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One of the options under consideration by the Palestinian Authority if peace talks fail is the dissolution of the government.


The Palestinian leadership has issued a list of seven conditions for agreeing to extend peace talks with Israel.

The terms call on Israel to agree to outline the borders of a Palestinian state within the next three months, said Amin Maqboul, a senior Palestinian official, in addition to the usual demands for a halt to Israeli settlement construction and the release of a group of long-term prisoners held in Israeli jails.

Establishing the future state's borders is the No. 1 priority, Palestinian Authority president Mahmoud Abbas told a visiting group of members of Knesset, the Israeli parliament, last week in Ramallah.

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If negotiations are extended, the first three months of talks must be "devoted to a serious discussion of borders," he is reported to have told the five members from the opposition Labour and Meretz parties.

The U.S.-mediated peace talks that began last July are scheduled to end on April 29. Any hope of them continuing appeared to be dashed after Mr. Abbas recently signed onto 15 international conventions. The Palestinian move, which Israel denounced as a unilateral effort to achieve international recognition contrary to the parties' agreement to negotiate, came after Israel reneged on its agreement to release some 26 Palestinian prisoners by the end of March.

Since then, U.S. envoy Martin Indyk has held a number of emergency meetings with the Israeli and Palestinian chief negotiators looking for a way to continue the talks.

The news of the seven conditions, four of which are of less priority, came just a day after a report that Mr. Abbas was prepared to dissolve the governing Palestinian Authority and disband the Palestinian security forces should peace negotiations with Israel fail.

Mr. Abbas told the visiting Knesset members that Israel may as well have the burden of administering the territory since it retains the power of occupation.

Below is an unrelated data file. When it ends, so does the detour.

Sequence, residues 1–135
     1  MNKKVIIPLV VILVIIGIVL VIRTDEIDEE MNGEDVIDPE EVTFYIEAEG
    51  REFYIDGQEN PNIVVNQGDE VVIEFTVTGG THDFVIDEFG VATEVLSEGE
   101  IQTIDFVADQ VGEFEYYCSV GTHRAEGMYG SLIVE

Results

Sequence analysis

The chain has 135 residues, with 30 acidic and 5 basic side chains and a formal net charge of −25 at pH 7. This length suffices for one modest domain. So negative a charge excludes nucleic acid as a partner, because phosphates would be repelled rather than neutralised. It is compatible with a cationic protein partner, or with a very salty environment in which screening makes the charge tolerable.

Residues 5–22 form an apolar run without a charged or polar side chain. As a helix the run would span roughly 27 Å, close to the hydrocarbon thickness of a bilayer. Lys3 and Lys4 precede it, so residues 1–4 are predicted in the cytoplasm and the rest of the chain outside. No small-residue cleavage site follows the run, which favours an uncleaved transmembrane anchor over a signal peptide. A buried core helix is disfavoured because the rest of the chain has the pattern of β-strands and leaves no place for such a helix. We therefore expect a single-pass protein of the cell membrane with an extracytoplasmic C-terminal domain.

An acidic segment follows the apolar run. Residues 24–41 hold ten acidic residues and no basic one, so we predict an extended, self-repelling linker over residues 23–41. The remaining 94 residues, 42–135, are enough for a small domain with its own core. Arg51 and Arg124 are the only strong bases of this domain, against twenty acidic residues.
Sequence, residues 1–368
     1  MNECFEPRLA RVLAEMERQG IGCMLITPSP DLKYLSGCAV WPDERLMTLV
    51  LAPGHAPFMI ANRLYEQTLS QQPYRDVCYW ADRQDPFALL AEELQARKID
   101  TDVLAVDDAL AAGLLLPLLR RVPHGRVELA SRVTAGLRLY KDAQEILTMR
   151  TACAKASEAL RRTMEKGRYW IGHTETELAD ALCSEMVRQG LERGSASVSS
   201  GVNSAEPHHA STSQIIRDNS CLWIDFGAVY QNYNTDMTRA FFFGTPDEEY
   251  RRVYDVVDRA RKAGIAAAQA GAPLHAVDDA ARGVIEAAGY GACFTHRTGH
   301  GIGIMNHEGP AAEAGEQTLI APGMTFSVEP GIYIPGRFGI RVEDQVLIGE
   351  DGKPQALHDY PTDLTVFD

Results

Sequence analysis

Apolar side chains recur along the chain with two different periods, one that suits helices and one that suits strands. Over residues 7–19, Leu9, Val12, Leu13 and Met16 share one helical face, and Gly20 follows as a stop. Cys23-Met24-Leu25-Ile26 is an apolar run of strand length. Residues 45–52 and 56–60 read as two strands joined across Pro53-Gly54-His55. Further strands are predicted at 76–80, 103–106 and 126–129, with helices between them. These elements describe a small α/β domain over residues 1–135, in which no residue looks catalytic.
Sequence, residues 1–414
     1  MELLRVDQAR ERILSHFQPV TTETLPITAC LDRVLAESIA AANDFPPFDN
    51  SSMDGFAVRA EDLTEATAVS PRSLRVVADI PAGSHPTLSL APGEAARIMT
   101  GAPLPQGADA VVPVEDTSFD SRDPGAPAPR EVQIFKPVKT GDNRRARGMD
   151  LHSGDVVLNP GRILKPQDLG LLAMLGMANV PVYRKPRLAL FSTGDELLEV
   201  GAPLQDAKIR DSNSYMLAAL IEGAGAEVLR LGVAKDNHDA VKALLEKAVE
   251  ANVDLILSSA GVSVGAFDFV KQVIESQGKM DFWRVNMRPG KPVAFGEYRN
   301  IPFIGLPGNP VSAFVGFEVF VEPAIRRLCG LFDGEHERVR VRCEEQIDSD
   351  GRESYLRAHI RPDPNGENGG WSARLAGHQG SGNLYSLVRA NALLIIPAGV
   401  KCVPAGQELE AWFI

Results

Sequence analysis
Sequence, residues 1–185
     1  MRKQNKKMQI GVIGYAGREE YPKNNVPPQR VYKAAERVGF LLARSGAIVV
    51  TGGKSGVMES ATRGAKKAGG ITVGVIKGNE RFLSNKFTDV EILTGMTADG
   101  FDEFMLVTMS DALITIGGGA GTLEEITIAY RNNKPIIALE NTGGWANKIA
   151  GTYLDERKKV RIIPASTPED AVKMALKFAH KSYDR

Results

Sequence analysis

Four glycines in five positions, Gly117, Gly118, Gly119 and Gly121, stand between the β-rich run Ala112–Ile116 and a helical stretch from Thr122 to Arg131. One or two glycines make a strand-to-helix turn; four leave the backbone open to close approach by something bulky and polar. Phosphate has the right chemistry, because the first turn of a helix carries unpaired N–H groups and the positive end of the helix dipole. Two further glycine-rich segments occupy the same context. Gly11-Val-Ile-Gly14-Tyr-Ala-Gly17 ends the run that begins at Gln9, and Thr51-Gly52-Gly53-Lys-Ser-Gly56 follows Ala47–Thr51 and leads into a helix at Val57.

"You don't have to send tanks or use force," he is quoted as telling the Israelis. "Just send a junior officer, a second lieutenant, and we'll give him the keys."

Mr. Abbas was at pains to point out to the Israeli delegation that the international conventions the Palestinians recently sought to join were ones that did Israel no harm.

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"We joined the conventions on the rights of the child and the fight against discrimination against women," he said. "We deliberately did not approach the International Court at the Hague or United Nations agencies." Israelis are privately concerned that efforts at recognition may lead to the Palestinians taking Israel to the international court for alleged violations of the Geneva Conventions, one of the treaties to which Mr. Abbas did become a signatory.

News of the Palestinian demands came a day before a rare meeting between members of Mr. Abbas's Palestine Liberation Organization and Hamas called to advance a long-delayed effort at reconciliation between the two groups. The Palestinian Authority that governs the West Bank is controlled by the PLO, of which Mr. Abbas is chairman, while the government of the Gaza Strip is run by the Muslim resistance group Hamas.

A senior Hamas official, Moussa Abu Marzouk, was seen crossing into Gaza from Egypt on Monday, while a West Bank delegation that includes senior Fatah official Azzam al-Ahmad, was expected to arrive Tuesday in Gaza.

The parties are expected to discuss terms of forming a unity government and holding elections.

The PLO's central committee is scheduled to meet Saturday and Sunday to decide on the fate of the Palestinian Authority, reconciliation with Hamas and negotiations with Israel.

While some Palestinians observers say all these various moves show Mr. Abbas's determination to continue negotiations, the presence of Hamas in this latest equation is likely to be a red flag to the Israeli government of Benjamin Netanyahu, giving it a good excuse for terminating the talks.

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About the Author
Global Affairs reporter

As Global Affairs Writer, Patrick Martin’s primary focus is on the turbulent Middle East, to which he travels regularly. He has twice been posted to the region – from 1991-95 and from 2008-12. More


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